Saturday, April 10, 2010

Great Ships, Great Bindings, Great Gatsbys, & Great Decorating!


ARTS ALMANAC-

April 10, 1912: The RMS Titanic leaves port in Southampton, England for her first and only voyage. "Titanic surpassed all her rivals in luxury and opulence. The First-class section had an on-board swimming pool, a gymnasium, a squash court, Turkish bath, Electric bath and a Verandah Cafe. First-class common rooms were adorned with ornate wood panelling, expensive furniture and other decorations. In addition, the Café Parisien offered cuisine for the first-class passengers, with a sunlit veranda fitted with trellis decorations. There were libraries and barber shops in both the first and second-class. The third class general room had pine panelling and sturdy teak furniture."

Among the physical objects lost when the great ship went down was a fabulous copy of The Rubáiyát by Omar Khayyám, bound by the famous Sangorski and Sutcliffe bindery, "The book was undoubtedly the most ambitious bookbinding ever undertaken by any bookbinder at any period in history. It boasted over a thousand precious and semi-precious jewels, thousands of separate leather onlays and it took the firm two years of continuous work to finish. Finally completed in 1911, the book was on voyage to America when it was tragically lost in the Titanic disaster. A few months later its creator Francis Sangorski drowned in a bathing accident. The book and its creator have passed into bookbinding legend."

Among the arts-related figures who perished were Benjamin Guggenheim, Harry Elkins Widener, author Jacques Futrelle (above), and writer and painter Francis Davis Millet.


April 10, 1925: "The Great Gatsby" by F. Scott Fitzgerald was published. "Set on Long Island's North Shore and in New York City during the summer of 1922 and is a critique of the American Dream. It is considered one of the greatest novels of the 20th century. The novel chronicles the chaos of World War I, American society enjoyed unprecedented levels of prosperity during the "roaring" 1920s as the economy soared. At the same time, Prohibition, the ban on the sale and manufacture of alcohol as mandated by the Eighteenth Amendment, made millionaires out of bootleggers and led to an increase in organized crime. Although Fitzgerald, like Nick Carraway in his novel, idolized the riches and glamor of the age, he was uncomfortable with the unrestrained materialism and the lack of morality that went with it, a kind of decadence."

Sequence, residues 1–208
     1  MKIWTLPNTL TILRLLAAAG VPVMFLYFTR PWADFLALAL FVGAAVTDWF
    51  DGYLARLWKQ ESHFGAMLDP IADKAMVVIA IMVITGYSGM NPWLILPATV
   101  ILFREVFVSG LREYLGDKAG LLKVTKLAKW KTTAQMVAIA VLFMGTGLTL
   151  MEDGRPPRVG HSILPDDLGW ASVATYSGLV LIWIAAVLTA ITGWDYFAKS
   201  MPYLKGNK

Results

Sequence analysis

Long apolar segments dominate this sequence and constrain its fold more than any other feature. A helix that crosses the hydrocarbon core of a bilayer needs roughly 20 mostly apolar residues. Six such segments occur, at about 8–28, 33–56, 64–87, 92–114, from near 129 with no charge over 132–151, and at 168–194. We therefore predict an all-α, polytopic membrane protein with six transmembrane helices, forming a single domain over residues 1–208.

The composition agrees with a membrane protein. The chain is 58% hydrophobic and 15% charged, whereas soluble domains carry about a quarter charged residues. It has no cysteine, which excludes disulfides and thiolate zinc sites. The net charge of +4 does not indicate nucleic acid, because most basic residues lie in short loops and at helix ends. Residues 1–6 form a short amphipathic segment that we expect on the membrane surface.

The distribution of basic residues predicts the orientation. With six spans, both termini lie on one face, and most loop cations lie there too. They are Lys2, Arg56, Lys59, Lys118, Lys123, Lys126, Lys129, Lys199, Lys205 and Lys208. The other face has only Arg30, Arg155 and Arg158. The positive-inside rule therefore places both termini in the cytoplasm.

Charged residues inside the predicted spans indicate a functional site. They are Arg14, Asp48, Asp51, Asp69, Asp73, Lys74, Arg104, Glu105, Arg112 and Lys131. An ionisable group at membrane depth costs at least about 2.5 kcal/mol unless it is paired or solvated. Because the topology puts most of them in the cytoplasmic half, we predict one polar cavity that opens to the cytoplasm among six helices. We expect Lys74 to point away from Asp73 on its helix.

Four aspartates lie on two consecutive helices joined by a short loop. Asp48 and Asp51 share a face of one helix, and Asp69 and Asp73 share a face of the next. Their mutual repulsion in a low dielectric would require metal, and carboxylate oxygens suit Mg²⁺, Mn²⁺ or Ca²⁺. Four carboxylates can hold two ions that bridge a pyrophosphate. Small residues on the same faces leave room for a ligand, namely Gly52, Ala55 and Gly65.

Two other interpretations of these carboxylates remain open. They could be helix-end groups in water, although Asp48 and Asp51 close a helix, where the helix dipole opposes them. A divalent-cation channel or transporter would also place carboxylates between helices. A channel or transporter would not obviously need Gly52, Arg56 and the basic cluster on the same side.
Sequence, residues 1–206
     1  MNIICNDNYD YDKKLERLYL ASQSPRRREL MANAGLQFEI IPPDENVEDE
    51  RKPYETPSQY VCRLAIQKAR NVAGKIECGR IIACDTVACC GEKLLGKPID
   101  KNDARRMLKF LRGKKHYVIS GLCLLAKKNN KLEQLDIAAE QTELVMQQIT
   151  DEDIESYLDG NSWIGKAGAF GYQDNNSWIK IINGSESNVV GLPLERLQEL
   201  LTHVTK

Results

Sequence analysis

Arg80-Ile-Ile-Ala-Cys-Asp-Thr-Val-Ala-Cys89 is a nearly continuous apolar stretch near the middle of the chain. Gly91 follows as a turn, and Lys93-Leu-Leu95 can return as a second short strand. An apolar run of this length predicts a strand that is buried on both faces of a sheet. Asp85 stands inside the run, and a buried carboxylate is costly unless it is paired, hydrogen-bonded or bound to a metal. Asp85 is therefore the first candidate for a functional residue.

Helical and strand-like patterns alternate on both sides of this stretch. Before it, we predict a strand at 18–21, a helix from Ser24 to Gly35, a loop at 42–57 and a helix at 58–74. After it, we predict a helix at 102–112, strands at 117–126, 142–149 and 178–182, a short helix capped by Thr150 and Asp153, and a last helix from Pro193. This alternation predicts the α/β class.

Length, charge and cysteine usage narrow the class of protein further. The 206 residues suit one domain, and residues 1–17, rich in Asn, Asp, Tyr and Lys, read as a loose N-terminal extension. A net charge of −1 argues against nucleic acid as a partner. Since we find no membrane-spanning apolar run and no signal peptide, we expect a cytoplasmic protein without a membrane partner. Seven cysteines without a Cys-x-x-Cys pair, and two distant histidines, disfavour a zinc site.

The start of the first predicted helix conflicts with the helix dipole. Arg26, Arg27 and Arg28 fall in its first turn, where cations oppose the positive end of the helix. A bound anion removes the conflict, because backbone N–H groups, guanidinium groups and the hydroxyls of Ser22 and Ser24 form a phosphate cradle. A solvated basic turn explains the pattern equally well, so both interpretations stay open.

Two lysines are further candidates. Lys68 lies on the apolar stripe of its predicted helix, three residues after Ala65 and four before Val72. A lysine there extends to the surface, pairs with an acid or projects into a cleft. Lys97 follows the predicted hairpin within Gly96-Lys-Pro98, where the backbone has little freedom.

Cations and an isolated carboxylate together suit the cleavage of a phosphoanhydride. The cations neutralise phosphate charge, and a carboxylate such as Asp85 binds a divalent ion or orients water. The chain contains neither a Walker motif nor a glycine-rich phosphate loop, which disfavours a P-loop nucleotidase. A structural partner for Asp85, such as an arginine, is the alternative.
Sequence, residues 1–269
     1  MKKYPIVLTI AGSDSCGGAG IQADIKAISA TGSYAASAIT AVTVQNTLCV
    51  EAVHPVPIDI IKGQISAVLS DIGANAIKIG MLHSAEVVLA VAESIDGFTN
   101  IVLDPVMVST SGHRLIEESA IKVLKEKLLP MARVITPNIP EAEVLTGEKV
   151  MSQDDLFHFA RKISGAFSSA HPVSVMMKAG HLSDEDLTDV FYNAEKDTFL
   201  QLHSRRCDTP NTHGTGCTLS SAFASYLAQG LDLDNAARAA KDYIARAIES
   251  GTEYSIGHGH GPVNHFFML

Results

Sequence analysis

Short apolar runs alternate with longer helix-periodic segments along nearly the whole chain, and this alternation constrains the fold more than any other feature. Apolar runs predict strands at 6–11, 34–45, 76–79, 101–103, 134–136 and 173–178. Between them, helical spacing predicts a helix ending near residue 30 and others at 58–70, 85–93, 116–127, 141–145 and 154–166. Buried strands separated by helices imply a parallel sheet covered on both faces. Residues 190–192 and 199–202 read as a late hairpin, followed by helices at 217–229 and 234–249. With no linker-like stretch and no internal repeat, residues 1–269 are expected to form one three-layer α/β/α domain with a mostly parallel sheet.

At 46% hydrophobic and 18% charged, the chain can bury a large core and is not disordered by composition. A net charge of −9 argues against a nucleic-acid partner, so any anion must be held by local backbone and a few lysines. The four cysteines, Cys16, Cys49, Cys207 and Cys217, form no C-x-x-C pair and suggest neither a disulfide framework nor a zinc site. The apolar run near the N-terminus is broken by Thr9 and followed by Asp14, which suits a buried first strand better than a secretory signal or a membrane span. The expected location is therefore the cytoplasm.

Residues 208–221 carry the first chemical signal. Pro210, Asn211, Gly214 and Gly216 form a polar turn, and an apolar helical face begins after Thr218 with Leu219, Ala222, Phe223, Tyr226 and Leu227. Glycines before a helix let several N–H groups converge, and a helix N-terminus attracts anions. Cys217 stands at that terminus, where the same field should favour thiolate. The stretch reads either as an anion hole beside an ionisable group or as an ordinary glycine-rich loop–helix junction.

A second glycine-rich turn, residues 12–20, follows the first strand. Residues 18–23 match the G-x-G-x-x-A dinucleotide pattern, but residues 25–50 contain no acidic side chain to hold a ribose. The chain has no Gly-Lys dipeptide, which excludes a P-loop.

April 10, 1932: Omar Sharif (born Michael Demitri Shalhoub), was born in Alexandria, Egypt. Sharif has starred in Hollywood films, most famously in Doctor Zhivago, Funny Girl and Lawrence of Arabia. He has been nominated for an Academy Award and has won three Golden Globe Awards.


IN THE NEWS-

- Archaeologists dig up Shakespeare's 'cesspit' : Archaeologists believe they are on the cusp of shedding new light on the life of William Shakespeare – by digging up what may have been the playwright’s cesspit. Read the full story